When I got to Cardiac Investigations – which is in the new wing of the hospital, so is bright and fairly spacious and lacks the underground-bunker quality of Oncology – I explained the situation to Pamela, the receptionist, who asked me to take a seat while she found my record. I did. After less than 5 minutes, she came out from behind the desk, came over to me, and asked whether I would like to have the echocardiogram now, to save me another trip to the hospital. I said that I would, and I was called by Katerina before another 5 minutes had passed. She knew why I was there, and she did the echocardiogram, and afterwards she showed me the screen with the results on, and I saw a picture of my heart, chugging blood through ventricles without a care.
Now, I am a huge supporter of the NHS and am proud to live in a country where healthcare is free at the point of need to all. But I’m frustrated by the poor organisation and leadership of some areas – I think we know which clinic we are looking at here – which have little to do with resources and more to do with a lack of connection to the patient. Especially when other areas can provide an outstanding service – that’s you, Cardiac Investigations (and an honourable mention for the continuing good work of the Trevor Howell Unit).
Here are the things that Cardiac Investigations did that Oncology could do:
- go up to patients and talk to them, rather than calling across rooms/desks/waiting areas
- look at the notes before seeing the patient
- treat the patient as an individual and a person rather than a walking disease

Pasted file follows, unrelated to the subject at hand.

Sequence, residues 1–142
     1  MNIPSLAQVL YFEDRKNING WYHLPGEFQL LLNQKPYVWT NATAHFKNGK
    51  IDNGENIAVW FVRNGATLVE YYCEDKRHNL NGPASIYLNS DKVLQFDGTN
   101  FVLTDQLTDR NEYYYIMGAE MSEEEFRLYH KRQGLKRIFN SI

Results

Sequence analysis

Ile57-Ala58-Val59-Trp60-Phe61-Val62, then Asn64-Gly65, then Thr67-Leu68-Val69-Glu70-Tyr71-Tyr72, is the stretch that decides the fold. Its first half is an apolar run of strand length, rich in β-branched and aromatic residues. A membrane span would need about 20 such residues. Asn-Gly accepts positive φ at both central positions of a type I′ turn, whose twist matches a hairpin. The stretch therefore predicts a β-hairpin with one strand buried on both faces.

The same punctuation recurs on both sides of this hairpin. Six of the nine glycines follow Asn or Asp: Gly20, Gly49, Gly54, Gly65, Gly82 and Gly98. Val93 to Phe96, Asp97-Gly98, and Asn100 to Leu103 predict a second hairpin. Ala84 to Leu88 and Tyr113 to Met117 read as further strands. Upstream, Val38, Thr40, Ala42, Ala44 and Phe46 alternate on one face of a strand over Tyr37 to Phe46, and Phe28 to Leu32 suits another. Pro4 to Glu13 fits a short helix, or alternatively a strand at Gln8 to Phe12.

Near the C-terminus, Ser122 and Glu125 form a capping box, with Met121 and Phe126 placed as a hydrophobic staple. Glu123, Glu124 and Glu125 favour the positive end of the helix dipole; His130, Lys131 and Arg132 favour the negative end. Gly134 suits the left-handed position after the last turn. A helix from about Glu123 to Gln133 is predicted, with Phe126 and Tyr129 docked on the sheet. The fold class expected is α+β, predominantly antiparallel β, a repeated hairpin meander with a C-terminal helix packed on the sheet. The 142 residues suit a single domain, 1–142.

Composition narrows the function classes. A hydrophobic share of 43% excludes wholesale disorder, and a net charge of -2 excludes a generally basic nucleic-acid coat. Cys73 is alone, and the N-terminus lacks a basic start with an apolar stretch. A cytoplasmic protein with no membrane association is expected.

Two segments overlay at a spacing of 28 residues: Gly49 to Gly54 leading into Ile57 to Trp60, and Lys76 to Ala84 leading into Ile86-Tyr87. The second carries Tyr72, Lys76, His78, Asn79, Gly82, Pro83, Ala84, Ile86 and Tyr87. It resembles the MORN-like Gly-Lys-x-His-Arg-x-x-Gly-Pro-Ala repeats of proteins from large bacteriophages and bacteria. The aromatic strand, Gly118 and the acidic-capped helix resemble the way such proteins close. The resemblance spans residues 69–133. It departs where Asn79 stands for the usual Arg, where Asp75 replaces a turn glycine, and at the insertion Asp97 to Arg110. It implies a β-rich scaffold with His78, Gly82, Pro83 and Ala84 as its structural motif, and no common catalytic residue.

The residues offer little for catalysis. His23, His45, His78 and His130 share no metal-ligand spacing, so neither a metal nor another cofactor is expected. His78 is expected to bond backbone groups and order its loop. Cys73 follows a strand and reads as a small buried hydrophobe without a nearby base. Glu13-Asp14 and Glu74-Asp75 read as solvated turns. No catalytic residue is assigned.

- have one conversation at a time
- keep conversations between staff about patients to a minimum in public areas
- have a system for seeing patients that works.
And here are some additional tips for Oncology, just out of the kindness of my still-beating heart:
- if the first appointment is at 9am, either arrive at 8.30am to prepare, or have the first appointment at 9.30am
- if you keep someone waiting, let them know how long they will be waiting, and apologise – don’t assume they have nothing to do but sit around while you scurry about
- get organised with everything you need – file, data, appointment history, blood pressure monitor – before seeing a patient
- remember that the people you are dealing with may be scared, and tired, and probably see this appointment as an important part of their recovery, and treat them accordingly
- remember that just because it doesn’t interfere with treatment, doesn’t make it unimportant
- and – I know I said this two minutes ago but I think it bears repeating – at a bare minimum, have the respect for your patient to READ THE NOTES. Or, just don’t bother with the notes and have the same conversation every time. One or the other. I truly don’t mind which. But don’t walk into my appointment carrying my file and then immediately demonstrate that you haven’t so much as opened it.
I’m willing to admit that because of the nature of the work that I do – working with teams and organisations to help them to be better, stronger, more efficient, more focused, led more dynamically – I may be more prone to being annoyed by these things than the average cancer bunny. But even so…. I don’t think this kind of service is on, really. Do you?